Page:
Grace Gems for MAY, 2019

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You have been long a-gathering rust!

("The Mute Christian Under the Smarting Rod or, The Silent Soul with Sovereign Antidotes" by Thomas Brooks, 1659, London.)

"I was silent; I would not open my mouth, for You are the one who has done this!" Psalm 39:9

Oh! but my afflictions are greater than other men's afflictions are!
Oh! there is no affliction like my affliction! How can I not murmur?

It may be that your sins are greater than other men's sins. If you have sinned against . . .
  more light,
  more love,
  more mercies,
  more promises,
than others—then it is no wonder if your afflictions are greater than others!
If this is your case, then you have more cause to be mute than to murmur!

It may be that the Lord sees that it is very needful that your afflictions should be greater than others.

It may be that your heart is . . .
  harder and stouter than other men's hearts,
  or prouder than other men's hearts,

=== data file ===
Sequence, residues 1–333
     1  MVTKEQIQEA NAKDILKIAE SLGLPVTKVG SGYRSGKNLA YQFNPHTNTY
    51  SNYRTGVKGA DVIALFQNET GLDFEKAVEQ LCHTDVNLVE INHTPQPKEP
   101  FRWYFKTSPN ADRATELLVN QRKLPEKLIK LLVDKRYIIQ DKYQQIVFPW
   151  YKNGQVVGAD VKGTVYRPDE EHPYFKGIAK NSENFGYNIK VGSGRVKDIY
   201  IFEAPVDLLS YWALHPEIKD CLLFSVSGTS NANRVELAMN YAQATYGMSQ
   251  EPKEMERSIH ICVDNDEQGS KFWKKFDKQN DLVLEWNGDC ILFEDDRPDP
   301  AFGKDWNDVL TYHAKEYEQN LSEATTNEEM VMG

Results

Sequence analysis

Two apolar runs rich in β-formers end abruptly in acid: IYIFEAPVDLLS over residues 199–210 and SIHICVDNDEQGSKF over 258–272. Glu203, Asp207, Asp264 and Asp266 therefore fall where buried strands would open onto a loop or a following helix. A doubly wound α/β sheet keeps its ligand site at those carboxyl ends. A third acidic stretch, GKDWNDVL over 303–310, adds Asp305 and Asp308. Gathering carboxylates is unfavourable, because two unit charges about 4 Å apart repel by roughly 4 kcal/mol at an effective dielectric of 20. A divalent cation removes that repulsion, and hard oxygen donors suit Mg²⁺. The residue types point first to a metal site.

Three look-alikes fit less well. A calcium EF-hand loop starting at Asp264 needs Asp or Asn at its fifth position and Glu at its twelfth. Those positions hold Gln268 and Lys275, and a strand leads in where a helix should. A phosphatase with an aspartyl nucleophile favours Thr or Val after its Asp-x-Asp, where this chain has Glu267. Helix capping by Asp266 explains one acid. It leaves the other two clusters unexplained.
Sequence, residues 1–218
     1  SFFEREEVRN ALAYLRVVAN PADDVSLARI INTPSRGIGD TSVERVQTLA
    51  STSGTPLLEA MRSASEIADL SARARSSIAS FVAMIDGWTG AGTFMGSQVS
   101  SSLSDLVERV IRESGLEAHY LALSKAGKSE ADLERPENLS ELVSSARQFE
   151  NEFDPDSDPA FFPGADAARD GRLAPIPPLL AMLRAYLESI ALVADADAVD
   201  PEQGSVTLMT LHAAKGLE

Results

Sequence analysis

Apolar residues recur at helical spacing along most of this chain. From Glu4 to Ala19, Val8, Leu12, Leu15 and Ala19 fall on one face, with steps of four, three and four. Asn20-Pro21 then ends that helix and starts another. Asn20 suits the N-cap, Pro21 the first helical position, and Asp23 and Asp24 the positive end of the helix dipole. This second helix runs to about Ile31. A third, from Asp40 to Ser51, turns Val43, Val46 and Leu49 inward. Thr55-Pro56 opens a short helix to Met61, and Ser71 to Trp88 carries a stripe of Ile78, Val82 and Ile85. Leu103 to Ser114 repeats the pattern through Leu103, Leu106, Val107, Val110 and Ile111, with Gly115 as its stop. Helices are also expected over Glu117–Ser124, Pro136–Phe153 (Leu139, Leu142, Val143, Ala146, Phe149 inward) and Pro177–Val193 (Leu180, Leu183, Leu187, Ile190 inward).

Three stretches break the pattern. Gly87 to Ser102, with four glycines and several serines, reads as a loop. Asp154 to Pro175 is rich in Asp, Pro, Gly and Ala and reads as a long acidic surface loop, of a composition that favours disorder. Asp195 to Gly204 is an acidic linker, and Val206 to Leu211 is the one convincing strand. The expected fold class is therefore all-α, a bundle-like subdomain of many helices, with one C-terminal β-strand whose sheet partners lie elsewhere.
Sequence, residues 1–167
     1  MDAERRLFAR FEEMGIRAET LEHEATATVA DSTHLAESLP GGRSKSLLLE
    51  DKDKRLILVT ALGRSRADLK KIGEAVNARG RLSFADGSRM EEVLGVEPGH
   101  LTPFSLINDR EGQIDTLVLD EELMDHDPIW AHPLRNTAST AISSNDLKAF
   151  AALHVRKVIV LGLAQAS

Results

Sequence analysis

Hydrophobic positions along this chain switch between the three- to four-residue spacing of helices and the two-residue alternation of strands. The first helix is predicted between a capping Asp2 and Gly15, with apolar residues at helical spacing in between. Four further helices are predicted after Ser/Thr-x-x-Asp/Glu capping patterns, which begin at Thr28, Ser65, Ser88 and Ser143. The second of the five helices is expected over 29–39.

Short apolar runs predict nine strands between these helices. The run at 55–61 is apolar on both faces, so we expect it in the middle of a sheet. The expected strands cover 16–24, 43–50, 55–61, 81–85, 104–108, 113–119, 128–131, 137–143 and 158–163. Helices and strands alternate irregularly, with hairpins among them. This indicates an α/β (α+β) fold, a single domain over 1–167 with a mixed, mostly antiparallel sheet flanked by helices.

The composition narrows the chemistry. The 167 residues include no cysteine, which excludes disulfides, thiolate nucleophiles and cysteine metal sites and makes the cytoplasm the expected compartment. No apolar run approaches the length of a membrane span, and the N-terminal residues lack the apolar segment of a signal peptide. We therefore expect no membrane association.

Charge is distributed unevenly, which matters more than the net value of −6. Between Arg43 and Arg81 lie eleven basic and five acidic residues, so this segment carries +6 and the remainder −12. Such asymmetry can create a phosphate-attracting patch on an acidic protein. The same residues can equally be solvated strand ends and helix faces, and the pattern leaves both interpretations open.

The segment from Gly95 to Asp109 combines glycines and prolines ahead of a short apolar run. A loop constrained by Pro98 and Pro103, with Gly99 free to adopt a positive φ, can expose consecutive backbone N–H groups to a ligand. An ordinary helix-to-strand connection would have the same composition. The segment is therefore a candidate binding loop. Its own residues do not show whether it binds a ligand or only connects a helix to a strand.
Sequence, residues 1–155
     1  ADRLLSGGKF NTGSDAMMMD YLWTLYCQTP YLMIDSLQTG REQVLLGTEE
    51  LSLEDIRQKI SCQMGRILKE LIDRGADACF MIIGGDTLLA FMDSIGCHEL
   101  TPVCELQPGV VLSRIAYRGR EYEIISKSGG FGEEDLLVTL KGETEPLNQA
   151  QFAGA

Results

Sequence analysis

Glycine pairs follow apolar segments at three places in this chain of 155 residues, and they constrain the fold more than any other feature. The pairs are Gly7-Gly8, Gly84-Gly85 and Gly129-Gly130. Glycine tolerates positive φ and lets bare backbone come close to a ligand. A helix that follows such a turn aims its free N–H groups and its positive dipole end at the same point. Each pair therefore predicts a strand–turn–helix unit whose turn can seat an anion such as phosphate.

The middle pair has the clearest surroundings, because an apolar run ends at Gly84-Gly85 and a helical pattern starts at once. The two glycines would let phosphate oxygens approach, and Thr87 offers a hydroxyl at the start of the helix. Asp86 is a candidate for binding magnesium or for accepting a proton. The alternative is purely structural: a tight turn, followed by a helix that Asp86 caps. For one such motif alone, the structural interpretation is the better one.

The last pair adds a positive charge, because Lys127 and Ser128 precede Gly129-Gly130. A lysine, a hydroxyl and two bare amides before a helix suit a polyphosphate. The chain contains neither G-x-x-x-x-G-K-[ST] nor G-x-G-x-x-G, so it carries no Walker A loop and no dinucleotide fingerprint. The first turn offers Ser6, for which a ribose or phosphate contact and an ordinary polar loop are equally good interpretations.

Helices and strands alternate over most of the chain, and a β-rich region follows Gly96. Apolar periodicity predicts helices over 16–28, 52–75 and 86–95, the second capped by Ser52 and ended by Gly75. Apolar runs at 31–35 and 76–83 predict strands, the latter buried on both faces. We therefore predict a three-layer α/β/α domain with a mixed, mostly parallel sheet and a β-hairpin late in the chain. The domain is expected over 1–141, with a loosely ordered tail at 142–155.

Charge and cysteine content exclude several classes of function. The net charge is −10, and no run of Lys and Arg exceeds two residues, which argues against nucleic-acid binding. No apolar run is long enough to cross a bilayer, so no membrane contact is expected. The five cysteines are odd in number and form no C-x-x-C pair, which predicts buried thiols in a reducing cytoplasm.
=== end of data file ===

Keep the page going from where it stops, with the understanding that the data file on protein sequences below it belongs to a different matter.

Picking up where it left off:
or more impure than other men's hearts,
  or more carnal than other men's hearts,
  or more selfish and worldly than other men's hearts,
  or more deceitful and hypocritical than other men's hearts,
  or more cold and careless than other men's hearts,
  or more formal and lukewarm than other men's hearts.

Now, if this is your case, certainly God sees it very necessary, for . . .
  the breaking of your hard heart, and
  the humbling of your proud heart, and
  the cleansing of your foul heart, and
  the spiritualizing of your carnal heart, etc.,
that your afflictions should be greater than others; and therefore do not murmur!

Where the disease is strong, the remedy must be strong—or else the cure will never be wrought!
God is a wise physician, and He would never give strong medicine—if a weaker one could effect the cure!

The more rusty the NAIL is, the oftener we put it into the fire to purify it; and
the more crooked it is, the more blows and the harder blows we give to straighten it.

You have been long a-gathering rust! Therefore, if God deal thus with you, you have no cause to complain.

"For the Lord disciplines the one He loves, and chastises every son whom He receives." Hebrews 12:6

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He will carry the lambs in His bosom!

(Charles Spurgeon)

"He will carry the lambs in His bosom, holding them close to His heart!" Isaiah 40:11

Who is He of whom such gracious words are spoken?
He is the Good Shepherd.

Why does He carry the lambs in His bosom?